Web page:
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JC Smiley
JC Smiley

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Difference in Java Abstract Classes vs Interfaces

This blog post is in response to a student's question about Java abstract classes and interfaces.

  1. What is the difference in abstract classes and interfaces?
  2. When do you use one over the other?

The difference

  • Each class will extend one abstract class. An example is a Housecat class extending one abstract Cat class.
  • Each class can have multiple interfaces. That same Housecat class may have an Animal, Mammal, and DomesticPet interfaces.
  • Abstract classes' methods can have implementation ( a body). Their job is to set the default methods for the subclasses. There are different types of methods that can be used including abstracts (no body), static, and default methods.
  • Interfaces can only have abstract methods (no body).

I'm going to show when to use each with several examples.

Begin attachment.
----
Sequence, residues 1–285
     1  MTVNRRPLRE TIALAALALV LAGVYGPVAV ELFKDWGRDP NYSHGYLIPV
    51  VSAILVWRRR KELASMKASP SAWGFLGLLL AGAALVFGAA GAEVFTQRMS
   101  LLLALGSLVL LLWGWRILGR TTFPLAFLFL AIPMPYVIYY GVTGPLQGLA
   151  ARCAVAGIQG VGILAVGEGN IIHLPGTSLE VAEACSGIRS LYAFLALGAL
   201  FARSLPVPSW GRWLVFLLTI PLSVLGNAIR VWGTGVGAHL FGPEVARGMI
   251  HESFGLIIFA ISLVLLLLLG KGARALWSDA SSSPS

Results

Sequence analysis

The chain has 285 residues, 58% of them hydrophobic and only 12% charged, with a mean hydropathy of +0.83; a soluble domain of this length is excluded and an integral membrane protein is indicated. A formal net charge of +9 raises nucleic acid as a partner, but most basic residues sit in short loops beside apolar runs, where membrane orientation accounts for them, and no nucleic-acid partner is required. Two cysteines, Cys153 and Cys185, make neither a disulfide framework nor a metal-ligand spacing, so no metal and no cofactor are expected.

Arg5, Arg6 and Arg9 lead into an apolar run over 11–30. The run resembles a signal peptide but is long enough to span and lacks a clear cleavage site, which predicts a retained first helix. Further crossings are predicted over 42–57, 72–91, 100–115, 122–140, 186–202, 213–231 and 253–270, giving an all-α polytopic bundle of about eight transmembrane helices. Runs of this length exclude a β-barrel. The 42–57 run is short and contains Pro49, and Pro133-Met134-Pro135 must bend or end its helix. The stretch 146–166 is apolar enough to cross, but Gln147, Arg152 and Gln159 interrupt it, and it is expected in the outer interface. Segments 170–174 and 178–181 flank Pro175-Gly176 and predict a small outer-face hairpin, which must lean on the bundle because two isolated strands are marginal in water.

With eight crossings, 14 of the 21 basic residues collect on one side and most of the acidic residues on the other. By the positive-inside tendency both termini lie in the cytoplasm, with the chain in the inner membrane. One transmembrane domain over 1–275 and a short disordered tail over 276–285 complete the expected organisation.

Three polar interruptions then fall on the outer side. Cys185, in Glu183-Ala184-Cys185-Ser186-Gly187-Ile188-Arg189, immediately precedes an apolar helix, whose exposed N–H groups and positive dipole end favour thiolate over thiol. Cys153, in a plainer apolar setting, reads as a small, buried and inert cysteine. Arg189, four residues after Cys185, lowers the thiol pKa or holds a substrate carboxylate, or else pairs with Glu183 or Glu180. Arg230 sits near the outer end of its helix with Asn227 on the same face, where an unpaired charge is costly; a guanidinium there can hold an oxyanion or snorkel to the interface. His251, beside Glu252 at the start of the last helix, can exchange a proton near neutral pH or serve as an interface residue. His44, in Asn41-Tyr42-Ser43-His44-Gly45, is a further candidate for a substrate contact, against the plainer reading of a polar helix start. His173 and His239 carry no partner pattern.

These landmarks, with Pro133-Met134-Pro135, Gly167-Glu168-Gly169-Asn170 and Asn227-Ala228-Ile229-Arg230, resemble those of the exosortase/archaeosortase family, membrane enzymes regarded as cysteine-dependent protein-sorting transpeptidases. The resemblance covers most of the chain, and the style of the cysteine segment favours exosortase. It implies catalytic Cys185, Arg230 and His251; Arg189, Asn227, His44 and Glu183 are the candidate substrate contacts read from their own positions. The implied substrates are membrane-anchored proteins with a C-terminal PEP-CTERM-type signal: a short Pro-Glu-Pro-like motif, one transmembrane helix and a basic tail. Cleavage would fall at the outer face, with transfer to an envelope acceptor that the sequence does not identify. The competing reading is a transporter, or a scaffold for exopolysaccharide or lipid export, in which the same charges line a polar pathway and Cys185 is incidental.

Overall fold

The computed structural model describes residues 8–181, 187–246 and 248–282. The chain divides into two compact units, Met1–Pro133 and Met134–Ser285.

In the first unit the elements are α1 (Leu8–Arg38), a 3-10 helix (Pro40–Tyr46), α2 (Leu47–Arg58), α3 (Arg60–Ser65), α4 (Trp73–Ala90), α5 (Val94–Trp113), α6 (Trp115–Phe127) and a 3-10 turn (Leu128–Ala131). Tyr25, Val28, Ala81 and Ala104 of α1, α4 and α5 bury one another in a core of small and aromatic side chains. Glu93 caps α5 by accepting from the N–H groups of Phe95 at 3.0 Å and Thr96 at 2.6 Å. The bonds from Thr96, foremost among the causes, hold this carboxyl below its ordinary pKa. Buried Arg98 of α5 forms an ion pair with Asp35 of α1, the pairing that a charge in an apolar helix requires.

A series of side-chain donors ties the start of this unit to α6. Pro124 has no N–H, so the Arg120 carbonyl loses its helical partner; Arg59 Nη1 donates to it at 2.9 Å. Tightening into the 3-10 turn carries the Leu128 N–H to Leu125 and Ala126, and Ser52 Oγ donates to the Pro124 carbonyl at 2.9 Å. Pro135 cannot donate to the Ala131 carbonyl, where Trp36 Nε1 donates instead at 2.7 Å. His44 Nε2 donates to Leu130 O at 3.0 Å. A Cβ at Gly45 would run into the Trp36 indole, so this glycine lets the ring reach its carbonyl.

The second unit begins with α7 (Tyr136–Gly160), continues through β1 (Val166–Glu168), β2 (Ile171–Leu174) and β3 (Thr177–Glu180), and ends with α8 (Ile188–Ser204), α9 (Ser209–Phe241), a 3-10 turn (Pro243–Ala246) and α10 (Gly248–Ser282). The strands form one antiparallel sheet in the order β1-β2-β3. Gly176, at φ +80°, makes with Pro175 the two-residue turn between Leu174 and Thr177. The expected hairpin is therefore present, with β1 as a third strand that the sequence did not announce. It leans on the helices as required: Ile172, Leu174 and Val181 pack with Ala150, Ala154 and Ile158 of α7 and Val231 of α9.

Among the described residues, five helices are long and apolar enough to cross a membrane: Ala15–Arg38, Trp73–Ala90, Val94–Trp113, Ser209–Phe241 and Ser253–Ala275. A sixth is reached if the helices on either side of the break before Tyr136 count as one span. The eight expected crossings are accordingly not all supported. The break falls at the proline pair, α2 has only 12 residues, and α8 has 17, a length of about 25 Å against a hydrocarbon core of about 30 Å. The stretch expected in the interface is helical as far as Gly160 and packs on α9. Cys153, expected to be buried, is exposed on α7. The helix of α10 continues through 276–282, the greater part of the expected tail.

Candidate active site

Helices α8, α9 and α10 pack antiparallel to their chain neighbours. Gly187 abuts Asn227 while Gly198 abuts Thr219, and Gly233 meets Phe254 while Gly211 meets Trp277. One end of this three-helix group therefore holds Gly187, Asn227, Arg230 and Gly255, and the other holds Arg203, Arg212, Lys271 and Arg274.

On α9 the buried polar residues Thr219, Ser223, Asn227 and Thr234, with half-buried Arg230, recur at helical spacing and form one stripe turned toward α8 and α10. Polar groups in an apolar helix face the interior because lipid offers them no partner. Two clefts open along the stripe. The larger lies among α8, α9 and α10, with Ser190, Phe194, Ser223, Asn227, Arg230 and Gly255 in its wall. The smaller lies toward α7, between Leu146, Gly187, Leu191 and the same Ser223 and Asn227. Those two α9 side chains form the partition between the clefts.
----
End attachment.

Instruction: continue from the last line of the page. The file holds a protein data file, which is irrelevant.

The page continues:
Example 1

Imagine you have classes Housecat, Tiger, Ant, and Human. You can have an Animal abstract class to add functionality and properties that is used by all subclasses. You can then have a Cat interface for the cat type classes and a Mammal interface for all classes except ant.

In this example, the Housecat extends the Cat abstract class, Cat interface, and Mammal interface.

picture of HouseCat java code

Example 2

Imagine you have a Ford Mustang car and a Chevy Tahoe truck. You can create a vehicle abstract class to extend both classes. You can create a Car and Truck interface to extend each class. The benefit of this is if you buy a Ford truck, you can extend the Truck interface to give it truck functionality.

Example 3

Imagine you are baking a cake. An interface lists just the ingredients for the cake. An Abstract class lists not only the ingredients, but the instructions and pictures on how to bake it.

Additional resources:

If you have better examples or a better explanation, please answer in the comments so we all can learn.

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